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Location: UFOUpDatesList.Com > 1998 > Jun > Jun 18

Re: The Ten Cases

From: Mark Cashman <mcashman@ix.netcom.com>
Date: Thu, 18 Jun 1998 00:46:02 -0400
Fwd Date: Thu, 18 Jun 1998 04:31:30 -0400
Subject: Re: The Ten Cases

> From: RobIrving@aol.com
> Date: Wed, 17 Jun 1998 18:30:53 EDT
> To: updates@globalserve.net
> Subject: Re: UFO UpDate: Re: The Ten Cases

<large snip of material basically summed below>

> I'm not saying that I disbelieve the Valensole account, nor am I
> arguing against your apparent belief in it... only that you seem
> not to recognise the incongruity of accepting stories on little
> evidence and your claim to be taking a scientific approach in
> investigating them.

And, Rob, you seem every so often to forget exactly what
the point was of listing these cases. It wasn't to prove that
UFOs exist. It was to list cases "suggestive" of ETH.

Now let's take the concepts you put forward

1) That I "believe in" "stories"...

2) That I accept the "stories" on little evidence of their

3) That Valensole and other older cases are essentially no
   different from any other tall tale.

First, I don't "believe in" things. I grant a certain weight to
various reports based on what we know about the reporter(s), the
investigator(s), and the circumstances in each case. As for
Valensole, we have no reason to doubt the witness' veracity
based on his reputation in the community, his lack of reason to
create a hoax, and the several investigations carried out by
police, reporters, and known field investigators. Further, the
fact that between 1 and 2 percent of cases have been found to be
hoaxes tends to lower the probability of this case being a hoax.
Finally, the presence of corroborating physical traces at the
site, which were apparently not normal for the area, adds
additional weight to the report.

To argue that a case is invalid because a hoax is easier to
accept than the content of the report is ridiculous. To claim
that the police simply shrugged concerning this case is a claim
with no evidence.

As far as dealing with such a report scientifically, I will
refer you to the basis of the scientific method. The scientific
method requires first, something to explain - for instance, this
case. It next requires a hypothesis to explain it - for
instance, that it is a hoax, or the product of mental
derangement, or that it is some sort of wild perceptual fault.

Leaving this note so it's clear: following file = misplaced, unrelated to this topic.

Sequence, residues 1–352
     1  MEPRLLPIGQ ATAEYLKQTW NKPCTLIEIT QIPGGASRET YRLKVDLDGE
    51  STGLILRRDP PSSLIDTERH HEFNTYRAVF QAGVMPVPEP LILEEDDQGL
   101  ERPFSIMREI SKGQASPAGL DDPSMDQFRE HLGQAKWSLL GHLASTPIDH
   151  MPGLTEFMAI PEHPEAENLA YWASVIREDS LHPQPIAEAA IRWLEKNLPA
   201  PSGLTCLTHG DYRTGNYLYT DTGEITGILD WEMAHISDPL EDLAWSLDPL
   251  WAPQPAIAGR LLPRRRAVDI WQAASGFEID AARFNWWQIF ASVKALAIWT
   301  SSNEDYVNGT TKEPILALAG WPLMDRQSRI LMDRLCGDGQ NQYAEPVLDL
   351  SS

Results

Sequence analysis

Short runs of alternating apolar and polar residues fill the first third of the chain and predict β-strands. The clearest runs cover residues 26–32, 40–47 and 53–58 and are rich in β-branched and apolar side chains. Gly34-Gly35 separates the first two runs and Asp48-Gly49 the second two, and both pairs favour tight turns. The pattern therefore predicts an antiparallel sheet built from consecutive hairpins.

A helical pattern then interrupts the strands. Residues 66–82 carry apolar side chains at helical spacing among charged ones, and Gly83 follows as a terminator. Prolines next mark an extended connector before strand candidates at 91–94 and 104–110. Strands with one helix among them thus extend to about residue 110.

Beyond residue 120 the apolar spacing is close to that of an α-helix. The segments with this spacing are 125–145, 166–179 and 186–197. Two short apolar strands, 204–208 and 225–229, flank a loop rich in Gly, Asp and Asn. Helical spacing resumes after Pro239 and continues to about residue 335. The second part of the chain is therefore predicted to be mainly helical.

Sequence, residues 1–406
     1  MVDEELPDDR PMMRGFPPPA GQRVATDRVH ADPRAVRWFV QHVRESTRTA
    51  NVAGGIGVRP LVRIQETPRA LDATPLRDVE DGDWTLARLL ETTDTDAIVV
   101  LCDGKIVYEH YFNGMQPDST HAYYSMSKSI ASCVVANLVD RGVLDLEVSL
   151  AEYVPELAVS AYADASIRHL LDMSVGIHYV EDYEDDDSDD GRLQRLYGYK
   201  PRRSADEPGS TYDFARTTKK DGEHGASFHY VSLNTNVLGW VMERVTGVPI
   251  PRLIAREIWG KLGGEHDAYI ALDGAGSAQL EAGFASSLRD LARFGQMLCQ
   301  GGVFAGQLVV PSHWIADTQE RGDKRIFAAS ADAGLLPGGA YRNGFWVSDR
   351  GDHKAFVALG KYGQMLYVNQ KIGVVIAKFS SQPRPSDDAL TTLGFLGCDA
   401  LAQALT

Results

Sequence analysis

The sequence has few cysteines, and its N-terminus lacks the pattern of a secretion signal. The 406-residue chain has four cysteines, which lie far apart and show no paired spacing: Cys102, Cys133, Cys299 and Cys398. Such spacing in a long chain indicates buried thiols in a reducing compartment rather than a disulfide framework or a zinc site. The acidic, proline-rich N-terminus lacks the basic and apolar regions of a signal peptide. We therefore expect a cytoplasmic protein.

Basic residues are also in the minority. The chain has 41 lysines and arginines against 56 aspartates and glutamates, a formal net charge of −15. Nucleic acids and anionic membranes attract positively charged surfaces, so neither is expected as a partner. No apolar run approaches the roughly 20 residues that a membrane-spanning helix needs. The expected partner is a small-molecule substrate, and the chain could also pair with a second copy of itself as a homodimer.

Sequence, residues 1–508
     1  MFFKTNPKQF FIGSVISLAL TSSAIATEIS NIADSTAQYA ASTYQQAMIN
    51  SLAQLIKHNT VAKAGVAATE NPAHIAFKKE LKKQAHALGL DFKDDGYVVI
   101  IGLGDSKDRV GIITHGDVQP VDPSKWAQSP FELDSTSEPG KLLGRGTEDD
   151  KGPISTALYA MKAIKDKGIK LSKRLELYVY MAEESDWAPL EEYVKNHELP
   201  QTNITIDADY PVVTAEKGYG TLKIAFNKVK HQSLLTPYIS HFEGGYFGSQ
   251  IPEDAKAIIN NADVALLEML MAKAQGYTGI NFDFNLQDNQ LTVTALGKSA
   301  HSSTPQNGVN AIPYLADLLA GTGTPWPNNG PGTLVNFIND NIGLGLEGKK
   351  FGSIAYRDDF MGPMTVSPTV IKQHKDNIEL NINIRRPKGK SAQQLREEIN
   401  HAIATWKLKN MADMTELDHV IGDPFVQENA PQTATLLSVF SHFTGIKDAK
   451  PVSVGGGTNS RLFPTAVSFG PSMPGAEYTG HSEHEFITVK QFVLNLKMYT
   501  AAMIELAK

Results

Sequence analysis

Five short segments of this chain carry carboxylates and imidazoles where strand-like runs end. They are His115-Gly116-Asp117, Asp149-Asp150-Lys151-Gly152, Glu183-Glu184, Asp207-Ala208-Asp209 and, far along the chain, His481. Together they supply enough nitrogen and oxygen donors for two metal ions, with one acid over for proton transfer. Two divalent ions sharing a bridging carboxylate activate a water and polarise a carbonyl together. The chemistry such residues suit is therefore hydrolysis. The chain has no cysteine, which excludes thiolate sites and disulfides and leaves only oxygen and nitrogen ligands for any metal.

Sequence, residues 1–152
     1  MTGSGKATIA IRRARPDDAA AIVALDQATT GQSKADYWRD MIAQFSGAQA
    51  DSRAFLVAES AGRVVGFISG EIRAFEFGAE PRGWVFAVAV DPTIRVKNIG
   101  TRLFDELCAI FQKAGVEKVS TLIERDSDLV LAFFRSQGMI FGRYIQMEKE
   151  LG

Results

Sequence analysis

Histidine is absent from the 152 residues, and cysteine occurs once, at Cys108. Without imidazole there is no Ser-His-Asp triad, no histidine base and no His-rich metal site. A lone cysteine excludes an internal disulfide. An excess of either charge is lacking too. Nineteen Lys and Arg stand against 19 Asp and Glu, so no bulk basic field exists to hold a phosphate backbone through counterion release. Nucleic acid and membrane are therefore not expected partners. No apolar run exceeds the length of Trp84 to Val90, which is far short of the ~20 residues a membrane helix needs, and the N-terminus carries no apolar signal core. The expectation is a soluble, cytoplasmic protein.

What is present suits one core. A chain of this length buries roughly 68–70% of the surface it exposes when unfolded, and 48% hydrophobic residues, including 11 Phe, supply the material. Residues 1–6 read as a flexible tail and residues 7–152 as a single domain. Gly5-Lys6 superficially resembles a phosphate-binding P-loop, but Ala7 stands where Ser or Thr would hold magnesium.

It then requires a discriminator to determine whether or not the
hypothesis is supported by the evidence - for instance, did the
witness show a propensity for hoaxes, did advantage accrue to
the witness as a result of the story, did the witness have a
history of mental illness, were the characteristics of the
object and its occupants similar to what might be expected of
military air personnel and aircraft. The discriminator is then
compared to the evidence - in this case, there appears to be no
support for misperception, hoax, or hallucination.

Having determined this, the case is then moved from the initial
report classification to the UFO category, where further
hypotheses can be tested against it.

Over time, other investigators have an opportunity to examine
the witness and the evidence. For instance, if the witness
develops a case of psychosis, this might suggest a hallucination
was in fact responsible. Or a hoaxer may reveal the hoax. Such
events have not apparently occurred in this case.

You suggest that this case is not necessarily any different from
"sea-serpent" stories. Yet, why choose this analogy, except to
follow a standard debunker's line of guilt by association? Is
there any other salient point of comparison other than your
personal sense of a common strangeness in the resulting reports?
It is that sort of fallacious reasoning which has led to the
baroque theories of the debunkers on the one hand and the
bizarre associations in PNH on the other.

As I pointed out in another message, UFO reports are
qualitatively different from many types of "tales" - in their
lack of a conventional narrative structure, their lack of a
resolving explanation, and in the attempt of the witness to
generate several levels of conventional explanation prior to
admitting the presence of a novel stimulus. Furthermore, the
presence of multiple independent witnesses in many cases, the
ability to detect the UFO with instruments that indicate the
same location for a luminous phenomenon observed by a witness
and an instrumental detection, take them far from any ghost or
sea-serpent story I am familiar with.

Mark Cashman, creator of The Temporal Doorway at
- Original digital art, writing, and UFO research -
Author of SF novels available at...

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